We are doing a blog series on those in the PCC community who work in different facets of the entertainment industry about the advantages or obstacles they face as Christians in their field.
Spencer Folmar – Independent Filmmaker
I have been working as a film director and producer of independent films for over 12 years. I attended NYU for my MFA in film and also received my Masters in Theology from the Reformed Theological Seminary in Orlando, Florida. I’ve been writing and studying about the intersection between faith and film for over a decade now.
My latest film’s theatrical debut, “Generational Sins,” has spurred a national debate surrounding this interplay of faith and film. FOX, The Hollywood Reporter, Deadline, The Washington Times, CBN, Christian Post, and more have all joined the conversation about the film’s release. In response, we coined the term “Hard Faith”™ to describe this new genre of film, written for audiences who are hungry for hope in the midst of gritty real-life stories.
I am currently in pre-production for my fourth feature, “Beast in Me,” as well as in development stages of my fifth feature, “Deathbed Redemption,” with more on the way in the Hard Faith genre.
I have heard it often described that it is difficult to be a Christian in Hollywood or that there is persecution for Christian beliefs. But personally, I believe this is a wonderful time to be a flourishing Christian artist in the main square of the film industry. I think today, in a post-modern world, it is more acceptable than ever to speak your truth without inhibition and to listen to other people and watch how they also convey their own truths and to welcome dialogue in today’s culture.
Whenever I speak about my faith to my talent, to people in my office building, or to those in companies we work with, I feel an ease about doing so. Often, most of these people have never spoken to a Christian who will willingly discuss closely-held matters of faith and convictions. I’ve had a lot of great conversations with people who were either in the church as a child or people of other religions. I could just openly talk about what it means to be a human and what we believe about our existence in this crazy world. I have often said to such people that Jesus is the end of my formula about how I make sense of my life and my purpose for living. I don’t always understand him or his ways or why certain things happen, but he is my only answer for continuing to exist and work and create.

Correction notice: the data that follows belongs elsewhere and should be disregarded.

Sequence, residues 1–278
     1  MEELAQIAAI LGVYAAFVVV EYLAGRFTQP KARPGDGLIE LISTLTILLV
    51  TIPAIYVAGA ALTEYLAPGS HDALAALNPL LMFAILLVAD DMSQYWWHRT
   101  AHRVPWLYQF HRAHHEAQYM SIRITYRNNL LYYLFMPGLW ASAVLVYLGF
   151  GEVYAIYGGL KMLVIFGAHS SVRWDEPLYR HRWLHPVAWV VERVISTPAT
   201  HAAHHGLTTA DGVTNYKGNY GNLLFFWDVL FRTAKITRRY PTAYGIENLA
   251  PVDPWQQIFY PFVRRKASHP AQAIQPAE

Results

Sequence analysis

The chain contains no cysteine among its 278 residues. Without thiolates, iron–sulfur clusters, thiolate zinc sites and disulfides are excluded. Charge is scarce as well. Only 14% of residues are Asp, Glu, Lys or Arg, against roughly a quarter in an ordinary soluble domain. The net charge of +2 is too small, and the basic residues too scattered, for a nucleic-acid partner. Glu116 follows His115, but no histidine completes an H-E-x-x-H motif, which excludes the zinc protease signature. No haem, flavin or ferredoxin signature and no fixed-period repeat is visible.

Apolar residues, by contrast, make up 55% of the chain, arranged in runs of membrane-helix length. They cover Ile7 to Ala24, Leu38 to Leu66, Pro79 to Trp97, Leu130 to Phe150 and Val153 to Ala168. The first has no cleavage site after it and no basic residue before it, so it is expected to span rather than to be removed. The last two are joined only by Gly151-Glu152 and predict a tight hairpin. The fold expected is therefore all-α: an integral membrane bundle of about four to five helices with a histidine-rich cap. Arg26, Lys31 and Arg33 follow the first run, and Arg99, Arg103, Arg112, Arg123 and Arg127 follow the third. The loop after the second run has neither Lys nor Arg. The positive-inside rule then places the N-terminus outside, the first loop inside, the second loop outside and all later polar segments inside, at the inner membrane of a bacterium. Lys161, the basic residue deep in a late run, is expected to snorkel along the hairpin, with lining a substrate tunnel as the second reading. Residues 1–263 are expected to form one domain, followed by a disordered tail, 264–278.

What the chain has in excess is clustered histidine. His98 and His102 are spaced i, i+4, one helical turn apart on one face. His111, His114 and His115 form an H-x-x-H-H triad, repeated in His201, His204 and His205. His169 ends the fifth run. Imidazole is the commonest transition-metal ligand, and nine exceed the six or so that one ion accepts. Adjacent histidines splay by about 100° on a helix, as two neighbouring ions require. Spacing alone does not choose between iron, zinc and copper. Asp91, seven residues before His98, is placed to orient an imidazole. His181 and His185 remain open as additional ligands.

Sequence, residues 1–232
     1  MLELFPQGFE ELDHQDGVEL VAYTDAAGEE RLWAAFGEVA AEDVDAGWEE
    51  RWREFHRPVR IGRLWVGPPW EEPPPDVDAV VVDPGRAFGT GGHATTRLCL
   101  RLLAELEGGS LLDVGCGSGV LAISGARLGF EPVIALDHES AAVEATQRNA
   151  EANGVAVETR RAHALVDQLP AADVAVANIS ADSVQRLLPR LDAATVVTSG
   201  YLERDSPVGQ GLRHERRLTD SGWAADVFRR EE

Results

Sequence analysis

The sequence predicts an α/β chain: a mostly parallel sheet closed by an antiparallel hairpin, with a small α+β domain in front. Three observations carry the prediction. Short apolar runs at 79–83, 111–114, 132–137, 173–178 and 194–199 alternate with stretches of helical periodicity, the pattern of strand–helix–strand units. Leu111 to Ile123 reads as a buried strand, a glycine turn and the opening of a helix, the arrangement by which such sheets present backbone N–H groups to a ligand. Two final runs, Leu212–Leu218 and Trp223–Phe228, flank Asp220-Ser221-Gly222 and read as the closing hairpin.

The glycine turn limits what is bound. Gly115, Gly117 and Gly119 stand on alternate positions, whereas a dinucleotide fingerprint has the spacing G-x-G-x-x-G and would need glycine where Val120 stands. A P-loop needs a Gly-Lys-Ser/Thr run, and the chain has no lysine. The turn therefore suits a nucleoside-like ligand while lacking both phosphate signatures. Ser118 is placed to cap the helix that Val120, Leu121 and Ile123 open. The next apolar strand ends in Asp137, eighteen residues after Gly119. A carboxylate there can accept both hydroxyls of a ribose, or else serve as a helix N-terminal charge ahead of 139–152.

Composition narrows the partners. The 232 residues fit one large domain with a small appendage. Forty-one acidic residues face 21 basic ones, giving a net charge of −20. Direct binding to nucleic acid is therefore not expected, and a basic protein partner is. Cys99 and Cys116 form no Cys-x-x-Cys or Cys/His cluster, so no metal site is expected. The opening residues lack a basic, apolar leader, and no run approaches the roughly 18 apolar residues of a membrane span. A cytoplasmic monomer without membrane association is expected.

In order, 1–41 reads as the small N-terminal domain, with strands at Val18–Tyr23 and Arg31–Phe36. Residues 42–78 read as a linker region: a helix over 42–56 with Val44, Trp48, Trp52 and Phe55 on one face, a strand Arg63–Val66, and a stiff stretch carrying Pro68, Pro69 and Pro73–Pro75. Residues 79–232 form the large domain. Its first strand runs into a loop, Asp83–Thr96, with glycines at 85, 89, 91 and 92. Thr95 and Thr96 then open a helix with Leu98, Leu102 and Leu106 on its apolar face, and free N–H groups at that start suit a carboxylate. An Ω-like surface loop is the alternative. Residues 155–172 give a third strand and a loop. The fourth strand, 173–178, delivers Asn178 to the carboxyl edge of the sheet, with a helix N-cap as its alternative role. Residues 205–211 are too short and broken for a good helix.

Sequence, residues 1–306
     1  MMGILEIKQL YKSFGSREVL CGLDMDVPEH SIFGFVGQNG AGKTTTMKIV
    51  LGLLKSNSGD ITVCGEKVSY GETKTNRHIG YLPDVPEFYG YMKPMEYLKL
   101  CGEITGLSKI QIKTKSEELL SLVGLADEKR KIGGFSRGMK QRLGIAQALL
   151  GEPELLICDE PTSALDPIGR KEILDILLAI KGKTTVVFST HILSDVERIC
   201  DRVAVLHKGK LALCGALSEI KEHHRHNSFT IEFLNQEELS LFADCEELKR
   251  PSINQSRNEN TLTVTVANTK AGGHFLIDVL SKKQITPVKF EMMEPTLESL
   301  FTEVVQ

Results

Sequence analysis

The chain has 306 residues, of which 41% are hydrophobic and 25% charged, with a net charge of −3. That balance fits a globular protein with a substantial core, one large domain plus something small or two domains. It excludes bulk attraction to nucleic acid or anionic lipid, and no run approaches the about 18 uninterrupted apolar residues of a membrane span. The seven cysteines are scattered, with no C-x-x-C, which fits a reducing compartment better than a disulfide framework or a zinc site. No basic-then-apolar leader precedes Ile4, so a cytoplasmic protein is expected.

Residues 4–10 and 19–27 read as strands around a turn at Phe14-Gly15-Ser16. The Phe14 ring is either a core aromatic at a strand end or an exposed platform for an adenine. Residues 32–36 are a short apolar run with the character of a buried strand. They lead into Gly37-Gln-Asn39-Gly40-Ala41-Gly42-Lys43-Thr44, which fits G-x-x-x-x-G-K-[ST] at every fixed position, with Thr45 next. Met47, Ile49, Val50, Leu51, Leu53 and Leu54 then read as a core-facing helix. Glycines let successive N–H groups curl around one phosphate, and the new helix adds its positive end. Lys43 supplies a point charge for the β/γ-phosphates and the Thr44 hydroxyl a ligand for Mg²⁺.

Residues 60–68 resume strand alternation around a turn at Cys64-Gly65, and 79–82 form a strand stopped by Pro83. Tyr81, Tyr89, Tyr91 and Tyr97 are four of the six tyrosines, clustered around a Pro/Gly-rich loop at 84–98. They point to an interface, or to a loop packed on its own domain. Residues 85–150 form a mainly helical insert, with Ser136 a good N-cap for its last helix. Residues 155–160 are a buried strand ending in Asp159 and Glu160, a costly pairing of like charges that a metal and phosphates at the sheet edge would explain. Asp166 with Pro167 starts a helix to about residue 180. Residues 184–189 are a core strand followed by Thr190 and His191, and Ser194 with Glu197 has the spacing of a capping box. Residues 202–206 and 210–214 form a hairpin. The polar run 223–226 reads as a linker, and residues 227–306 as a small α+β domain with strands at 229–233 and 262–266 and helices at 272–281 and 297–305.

There is a wide array of answers to why people do what they do, but not everyone has thoroughly reached the end of their equation. I think having open dialogues and making art that does the same is a helpful way to encourage people to discuss and think deeply about the purpose of life. I know that, growing up outside the church, there were many films and pieces of art that captured me and made me see the world in a different way. These films have stuck with me throughout the years. Even though they have nothing to do with faith explicitly, they still resonate with me and have contributed to my worldview. I believe that there is a great responsibility and opportunity to also capture new audiences with thought-provoking and provocative storylines about living in a fallen world. An artist has great freedom of expression where Christianity can truly flourish. Other people, whether of a different denomination, confession, or region can appreciate the great diversity in the body of Christ.